Thus, when the action remains done regardless of whether we recognize the agency or not, the only issue is to whom to attribute the action. According to the opinion that there is agency even for prohibitions, the sender is responsible, and according to the halacha that there is no agency, the agent is held responsible. However, regarding agency of acquisitions, the status of the entire act will be invalidated if agency is denied (since the mere action of lifting an object is meaningless without the accompanying acquisition). Here, the idea of agency is not that we consider it as if the sender himself did the action. Rather, acquisition through agency means that the act of acquisition that the agent does, instead of acquiring for him, acquires on behalf of the sender. In other words, the agent passes on the rights of acquisition to the sender. [To illustrate, what would be the halacha if the agent would attempt to acquire an object for someone through kinyan chatzer in the courtyard of the agent? If we were to assume that we relate the very act of the agent to the sender, the sender would not acquire the object, since now the object is in someone else's (the agent's) courtyard. However, based on what we explained, that the act itself is done by the agent, just that the resulting rights are transferred to the sender -- then he would acquire the object.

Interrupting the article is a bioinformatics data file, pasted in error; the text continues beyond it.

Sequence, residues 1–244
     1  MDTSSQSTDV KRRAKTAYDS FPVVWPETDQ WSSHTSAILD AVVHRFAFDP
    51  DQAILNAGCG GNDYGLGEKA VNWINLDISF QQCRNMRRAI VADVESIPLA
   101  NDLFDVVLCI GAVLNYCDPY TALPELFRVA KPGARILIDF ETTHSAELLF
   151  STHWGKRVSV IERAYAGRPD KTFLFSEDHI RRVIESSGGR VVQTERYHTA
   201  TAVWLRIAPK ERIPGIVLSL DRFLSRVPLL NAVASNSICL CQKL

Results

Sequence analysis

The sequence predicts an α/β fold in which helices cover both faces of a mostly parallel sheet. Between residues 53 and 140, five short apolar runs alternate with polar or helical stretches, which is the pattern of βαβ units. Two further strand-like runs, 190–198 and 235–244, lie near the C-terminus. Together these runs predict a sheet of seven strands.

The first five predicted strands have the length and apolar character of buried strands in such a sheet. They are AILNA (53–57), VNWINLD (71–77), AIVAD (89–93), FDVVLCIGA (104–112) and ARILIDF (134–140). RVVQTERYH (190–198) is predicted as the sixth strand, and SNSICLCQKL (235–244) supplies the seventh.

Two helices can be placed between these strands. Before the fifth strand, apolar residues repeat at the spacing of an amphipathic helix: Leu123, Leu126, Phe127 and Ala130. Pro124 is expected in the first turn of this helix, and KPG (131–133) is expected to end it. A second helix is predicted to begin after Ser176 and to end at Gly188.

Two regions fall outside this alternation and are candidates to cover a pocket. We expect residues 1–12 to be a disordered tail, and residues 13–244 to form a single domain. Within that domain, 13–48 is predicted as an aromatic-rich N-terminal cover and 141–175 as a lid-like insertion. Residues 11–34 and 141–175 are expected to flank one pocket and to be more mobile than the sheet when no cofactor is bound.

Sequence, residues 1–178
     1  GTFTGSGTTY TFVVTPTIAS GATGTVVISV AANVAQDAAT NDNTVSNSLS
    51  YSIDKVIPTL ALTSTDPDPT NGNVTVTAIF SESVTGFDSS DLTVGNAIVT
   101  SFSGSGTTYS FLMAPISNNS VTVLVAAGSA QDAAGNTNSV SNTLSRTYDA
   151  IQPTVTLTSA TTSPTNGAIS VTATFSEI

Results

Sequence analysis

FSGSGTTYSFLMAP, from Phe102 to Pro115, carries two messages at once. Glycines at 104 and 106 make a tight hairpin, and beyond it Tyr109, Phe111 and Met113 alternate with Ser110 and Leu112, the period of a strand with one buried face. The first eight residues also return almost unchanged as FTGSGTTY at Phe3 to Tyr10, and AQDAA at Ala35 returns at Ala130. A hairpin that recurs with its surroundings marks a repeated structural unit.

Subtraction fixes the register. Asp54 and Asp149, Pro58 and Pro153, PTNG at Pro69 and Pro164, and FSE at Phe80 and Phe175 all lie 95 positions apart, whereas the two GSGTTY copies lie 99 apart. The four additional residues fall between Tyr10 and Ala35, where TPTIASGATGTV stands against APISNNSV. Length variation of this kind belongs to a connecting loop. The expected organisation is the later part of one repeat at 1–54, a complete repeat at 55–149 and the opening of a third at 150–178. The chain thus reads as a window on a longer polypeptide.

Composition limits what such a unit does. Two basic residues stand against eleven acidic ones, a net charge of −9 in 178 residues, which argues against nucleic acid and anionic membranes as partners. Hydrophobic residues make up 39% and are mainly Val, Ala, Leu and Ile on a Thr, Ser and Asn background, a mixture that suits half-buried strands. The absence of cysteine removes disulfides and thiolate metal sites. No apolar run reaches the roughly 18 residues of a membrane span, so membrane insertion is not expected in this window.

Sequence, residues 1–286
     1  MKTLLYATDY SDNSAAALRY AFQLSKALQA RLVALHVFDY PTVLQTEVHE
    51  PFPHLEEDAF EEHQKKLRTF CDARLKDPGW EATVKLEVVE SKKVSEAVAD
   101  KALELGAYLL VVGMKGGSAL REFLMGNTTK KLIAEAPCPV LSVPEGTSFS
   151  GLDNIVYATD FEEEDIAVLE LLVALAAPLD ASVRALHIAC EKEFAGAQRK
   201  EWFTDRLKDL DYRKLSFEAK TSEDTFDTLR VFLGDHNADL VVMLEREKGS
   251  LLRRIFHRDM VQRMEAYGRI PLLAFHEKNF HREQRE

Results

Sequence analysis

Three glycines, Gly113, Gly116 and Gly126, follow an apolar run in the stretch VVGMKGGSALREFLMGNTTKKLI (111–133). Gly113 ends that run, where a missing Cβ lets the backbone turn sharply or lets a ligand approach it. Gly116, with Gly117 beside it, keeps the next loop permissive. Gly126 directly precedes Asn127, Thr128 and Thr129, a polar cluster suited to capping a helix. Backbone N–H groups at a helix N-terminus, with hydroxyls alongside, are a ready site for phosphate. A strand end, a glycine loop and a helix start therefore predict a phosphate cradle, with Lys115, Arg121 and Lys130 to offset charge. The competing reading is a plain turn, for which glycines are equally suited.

Thus, when an agent attempts to acquire only on behalf of his sender, if he is unable to, such as when it causes others a loss or if he is sent to betroth a divorced woman for a Kohen, the problem is not in associating the action to the sender, but rather that there is no act of acquisition and no act of kiddushin at all. Therefore, if he acquires both for himself and for others, then even if the acquisition is disallowed for the other, e.g., it causes others a loss or involves an aveira, still, the act of the agent remains a valid act insofar as himself! Since the act now remains with halachic status, it can be transferred to the sender based on the rules of zachin. [In other words, the principle of "migo d'zachi" works only to give significance to the action of the agent as an act of halachic status, and then the acquisition can relate to the sender, as well, on its own.]
Shiur ID: 4017